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Economic viewpoint on risk transfer

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Learn about different methods of transfering the financial component of a risk to other parties (hedging, insurance). Economic principles of utility, expected utility, risk aversion and certainty equivalent are presented.

Part of the free risk-engineering.org course materials.

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Economic viewpoint on risk transfer

  1. 1. Economic viewpoint on risk transfer Eric Marsden <eric.marsden@risk-engineering.org> How much risk should my organization take up?
  2. 2. Learning objectives 1 Understand different methods of transferring the financial component of risk 2 Understand concepts of expected value, expected utility and risk aversion 3 Know how to calculate the value of insurance (risk premium)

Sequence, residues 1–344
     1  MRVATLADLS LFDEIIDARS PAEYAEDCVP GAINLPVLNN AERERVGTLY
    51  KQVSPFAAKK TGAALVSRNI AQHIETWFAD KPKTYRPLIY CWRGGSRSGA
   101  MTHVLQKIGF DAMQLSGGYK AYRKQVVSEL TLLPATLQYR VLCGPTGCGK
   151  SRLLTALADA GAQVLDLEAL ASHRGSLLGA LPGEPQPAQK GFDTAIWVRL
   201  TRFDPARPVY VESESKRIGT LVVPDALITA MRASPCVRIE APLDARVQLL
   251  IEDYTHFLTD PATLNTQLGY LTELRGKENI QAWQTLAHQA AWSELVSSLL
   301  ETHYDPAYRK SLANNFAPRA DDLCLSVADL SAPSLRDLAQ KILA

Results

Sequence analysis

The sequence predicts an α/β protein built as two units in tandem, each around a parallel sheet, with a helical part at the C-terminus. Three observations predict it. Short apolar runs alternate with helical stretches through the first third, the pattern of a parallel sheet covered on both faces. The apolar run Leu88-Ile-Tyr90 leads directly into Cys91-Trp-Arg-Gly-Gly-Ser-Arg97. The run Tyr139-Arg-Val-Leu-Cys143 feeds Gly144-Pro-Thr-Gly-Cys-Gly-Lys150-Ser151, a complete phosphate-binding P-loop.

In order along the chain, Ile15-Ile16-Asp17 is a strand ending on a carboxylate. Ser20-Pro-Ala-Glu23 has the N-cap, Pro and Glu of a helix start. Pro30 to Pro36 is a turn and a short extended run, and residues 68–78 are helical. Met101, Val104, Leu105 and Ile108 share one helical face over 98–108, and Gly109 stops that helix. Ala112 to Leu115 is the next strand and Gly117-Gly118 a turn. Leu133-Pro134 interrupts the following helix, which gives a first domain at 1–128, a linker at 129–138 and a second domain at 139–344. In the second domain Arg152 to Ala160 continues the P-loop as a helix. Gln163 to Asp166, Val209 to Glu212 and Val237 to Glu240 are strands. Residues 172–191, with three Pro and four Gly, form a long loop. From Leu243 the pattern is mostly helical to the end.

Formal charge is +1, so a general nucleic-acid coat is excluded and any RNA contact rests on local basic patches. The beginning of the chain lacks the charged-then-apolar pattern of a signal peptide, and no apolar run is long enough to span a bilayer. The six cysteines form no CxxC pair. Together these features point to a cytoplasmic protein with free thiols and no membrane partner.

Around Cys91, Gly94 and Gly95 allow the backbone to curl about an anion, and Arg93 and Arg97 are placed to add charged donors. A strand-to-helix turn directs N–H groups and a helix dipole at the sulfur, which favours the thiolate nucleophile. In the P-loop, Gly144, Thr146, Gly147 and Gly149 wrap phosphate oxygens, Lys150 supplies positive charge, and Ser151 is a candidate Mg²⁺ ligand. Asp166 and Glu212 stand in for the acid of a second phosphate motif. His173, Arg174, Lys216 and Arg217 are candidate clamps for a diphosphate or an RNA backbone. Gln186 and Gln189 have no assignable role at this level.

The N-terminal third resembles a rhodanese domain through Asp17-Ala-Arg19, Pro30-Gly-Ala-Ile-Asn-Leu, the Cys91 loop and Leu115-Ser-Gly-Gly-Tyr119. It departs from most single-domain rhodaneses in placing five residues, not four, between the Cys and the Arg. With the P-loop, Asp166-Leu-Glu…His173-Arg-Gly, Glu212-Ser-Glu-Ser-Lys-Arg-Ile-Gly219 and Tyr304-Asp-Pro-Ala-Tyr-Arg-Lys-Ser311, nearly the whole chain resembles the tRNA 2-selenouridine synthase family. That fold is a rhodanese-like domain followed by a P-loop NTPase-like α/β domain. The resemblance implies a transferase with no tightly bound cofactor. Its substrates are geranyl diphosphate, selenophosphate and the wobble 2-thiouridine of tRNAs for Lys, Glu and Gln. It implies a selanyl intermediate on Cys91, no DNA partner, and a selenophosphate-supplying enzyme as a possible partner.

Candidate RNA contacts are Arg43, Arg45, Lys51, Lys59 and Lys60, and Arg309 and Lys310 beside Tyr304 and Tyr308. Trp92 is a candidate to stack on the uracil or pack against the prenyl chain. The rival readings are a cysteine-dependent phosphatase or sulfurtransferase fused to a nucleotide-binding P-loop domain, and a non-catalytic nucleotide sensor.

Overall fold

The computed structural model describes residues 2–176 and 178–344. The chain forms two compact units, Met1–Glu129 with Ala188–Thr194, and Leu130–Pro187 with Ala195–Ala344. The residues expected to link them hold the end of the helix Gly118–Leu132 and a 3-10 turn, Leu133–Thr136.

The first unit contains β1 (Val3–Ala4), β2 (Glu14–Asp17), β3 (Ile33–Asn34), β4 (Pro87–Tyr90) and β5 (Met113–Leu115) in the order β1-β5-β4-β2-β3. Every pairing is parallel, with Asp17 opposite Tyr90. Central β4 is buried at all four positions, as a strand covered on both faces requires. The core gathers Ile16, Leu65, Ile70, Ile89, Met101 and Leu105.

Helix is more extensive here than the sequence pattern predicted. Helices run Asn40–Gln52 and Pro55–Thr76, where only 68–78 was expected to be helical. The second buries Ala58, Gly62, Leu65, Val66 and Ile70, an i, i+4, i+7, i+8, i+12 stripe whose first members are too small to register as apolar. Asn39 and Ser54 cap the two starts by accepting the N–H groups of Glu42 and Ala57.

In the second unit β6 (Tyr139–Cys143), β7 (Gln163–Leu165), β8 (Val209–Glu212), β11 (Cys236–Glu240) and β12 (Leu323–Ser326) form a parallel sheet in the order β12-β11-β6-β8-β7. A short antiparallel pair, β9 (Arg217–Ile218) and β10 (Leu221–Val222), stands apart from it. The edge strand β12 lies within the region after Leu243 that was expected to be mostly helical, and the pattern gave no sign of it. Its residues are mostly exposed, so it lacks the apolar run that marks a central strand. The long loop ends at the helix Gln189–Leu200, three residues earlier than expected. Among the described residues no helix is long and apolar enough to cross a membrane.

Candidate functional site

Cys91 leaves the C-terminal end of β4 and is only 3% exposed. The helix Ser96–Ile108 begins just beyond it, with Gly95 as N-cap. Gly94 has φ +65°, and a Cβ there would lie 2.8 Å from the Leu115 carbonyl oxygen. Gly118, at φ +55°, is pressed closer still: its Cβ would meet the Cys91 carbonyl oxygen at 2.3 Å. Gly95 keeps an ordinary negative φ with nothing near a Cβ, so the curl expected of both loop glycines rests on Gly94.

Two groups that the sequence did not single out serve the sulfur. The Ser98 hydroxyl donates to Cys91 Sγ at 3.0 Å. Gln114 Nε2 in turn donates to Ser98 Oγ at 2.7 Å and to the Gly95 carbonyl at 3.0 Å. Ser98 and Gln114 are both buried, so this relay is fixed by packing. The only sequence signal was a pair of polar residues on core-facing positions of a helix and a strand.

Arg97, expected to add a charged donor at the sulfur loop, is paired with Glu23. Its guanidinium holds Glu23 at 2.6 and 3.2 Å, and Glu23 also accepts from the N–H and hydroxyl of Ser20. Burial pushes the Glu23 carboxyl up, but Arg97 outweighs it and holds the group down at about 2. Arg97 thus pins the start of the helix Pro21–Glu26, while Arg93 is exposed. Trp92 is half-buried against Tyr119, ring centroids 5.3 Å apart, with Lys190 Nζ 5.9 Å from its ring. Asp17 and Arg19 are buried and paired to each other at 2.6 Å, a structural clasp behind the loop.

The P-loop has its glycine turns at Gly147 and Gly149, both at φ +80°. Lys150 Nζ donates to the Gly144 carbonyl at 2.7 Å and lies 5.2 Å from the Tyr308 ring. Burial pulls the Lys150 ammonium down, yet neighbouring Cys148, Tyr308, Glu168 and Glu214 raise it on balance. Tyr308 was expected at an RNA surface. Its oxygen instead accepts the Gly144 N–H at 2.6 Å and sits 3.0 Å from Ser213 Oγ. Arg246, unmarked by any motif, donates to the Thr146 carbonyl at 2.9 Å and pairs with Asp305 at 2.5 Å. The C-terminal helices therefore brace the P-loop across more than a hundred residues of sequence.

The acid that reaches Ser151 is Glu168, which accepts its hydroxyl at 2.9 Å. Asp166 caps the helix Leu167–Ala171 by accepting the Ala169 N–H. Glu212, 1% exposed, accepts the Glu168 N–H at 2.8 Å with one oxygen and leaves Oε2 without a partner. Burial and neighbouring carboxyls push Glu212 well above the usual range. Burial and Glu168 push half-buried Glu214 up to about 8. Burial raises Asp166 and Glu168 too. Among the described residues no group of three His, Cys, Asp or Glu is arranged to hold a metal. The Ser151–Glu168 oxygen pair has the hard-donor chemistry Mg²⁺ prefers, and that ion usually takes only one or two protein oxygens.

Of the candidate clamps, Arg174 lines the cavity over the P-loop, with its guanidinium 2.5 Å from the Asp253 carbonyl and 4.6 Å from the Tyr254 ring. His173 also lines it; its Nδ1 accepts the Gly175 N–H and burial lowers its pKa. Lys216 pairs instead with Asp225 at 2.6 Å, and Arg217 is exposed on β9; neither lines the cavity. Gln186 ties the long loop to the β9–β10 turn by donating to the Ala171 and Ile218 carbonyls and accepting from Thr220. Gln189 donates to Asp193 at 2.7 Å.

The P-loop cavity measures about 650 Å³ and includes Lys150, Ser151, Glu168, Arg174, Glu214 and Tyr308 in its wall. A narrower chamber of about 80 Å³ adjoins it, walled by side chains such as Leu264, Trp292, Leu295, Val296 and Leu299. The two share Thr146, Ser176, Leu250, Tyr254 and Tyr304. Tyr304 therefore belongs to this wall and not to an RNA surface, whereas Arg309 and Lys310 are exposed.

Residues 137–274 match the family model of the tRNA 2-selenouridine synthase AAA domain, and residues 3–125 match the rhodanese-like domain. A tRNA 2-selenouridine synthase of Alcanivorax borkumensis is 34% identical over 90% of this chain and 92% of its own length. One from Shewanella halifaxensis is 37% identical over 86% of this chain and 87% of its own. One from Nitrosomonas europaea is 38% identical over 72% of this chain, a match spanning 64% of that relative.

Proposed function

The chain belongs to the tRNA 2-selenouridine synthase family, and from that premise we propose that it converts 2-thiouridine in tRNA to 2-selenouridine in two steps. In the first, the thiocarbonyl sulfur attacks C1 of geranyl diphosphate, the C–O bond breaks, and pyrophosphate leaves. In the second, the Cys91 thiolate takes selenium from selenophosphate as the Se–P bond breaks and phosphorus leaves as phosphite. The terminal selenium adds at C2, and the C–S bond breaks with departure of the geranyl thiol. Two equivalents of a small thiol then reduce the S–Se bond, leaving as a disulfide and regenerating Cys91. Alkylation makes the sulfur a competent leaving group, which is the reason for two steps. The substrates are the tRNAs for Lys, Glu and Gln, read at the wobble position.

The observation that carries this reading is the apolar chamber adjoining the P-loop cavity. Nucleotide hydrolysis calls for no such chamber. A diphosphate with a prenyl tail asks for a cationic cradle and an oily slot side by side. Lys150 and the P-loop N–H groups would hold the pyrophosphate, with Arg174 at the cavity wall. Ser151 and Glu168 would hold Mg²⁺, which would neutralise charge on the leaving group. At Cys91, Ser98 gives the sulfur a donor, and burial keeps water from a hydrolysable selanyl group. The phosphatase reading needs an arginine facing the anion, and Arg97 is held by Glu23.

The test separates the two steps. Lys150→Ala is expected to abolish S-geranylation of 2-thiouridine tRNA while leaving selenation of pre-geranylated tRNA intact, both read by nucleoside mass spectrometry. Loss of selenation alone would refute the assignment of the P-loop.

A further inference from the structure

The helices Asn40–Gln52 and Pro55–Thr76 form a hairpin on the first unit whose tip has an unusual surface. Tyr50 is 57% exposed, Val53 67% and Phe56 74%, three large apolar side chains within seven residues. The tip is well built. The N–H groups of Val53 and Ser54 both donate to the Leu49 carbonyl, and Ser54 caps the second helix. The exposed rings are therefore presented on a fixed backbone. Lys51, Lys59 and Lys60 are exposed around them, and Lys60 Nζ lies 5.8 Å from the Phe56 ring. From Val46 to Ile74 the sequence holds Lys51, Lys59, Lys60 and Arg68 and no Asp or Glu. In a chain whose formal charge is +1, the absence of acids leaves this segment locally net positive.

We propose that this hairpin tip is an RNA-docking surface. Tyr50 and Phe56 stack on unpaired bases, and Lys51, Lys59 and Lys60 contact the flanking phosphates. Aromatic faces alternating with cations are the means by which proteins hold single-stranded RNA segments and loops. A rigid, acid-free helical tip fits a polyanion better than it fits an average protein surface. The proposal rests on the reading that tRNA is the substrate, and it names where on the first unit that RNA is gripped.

3. 3. Which do you prefer? 1000 € for sure 50% chance of winning 3000 € 50% chance of winning 0€ Option A Option B
  4. 4. Which do you prefer? 1000 € for sure 50% chance of winning 3000 € 50% chance of winning 0€ Option A Option B 𝔼(A) = 1000 € 𝔼(B) = 1 2 × 3000 € + 1 2 × 0 = 1500 €
  5. 5. Which do you prefer? 1000 € for sure 50% chance of winning 3000 € 50% chance of winning 0€ Option A Option B 𝔼(A) = 1000 € 𝔼(B) = 1 2 × 3000 € + 1 2 × 0 = 1500 € When comparing two gambles, a reasonable start is to compare their expected value
  6. 6. Expected value ▷ Expected value of a gamble: the value of each possible outcome times the probability of that outcome 𝔼(situation) = ∑ outcomes i Pr(i) × W (i) ▷ Interpretation: the amount that I would earn on average if the gamble were repeated many times • if all probabilities are equal, it’s the average value ▷ For a binary choice between A and B: 𝔼(W ) = Pr(A) × WA + (1 − Pr(A)) × WB wealth if outcome A occurs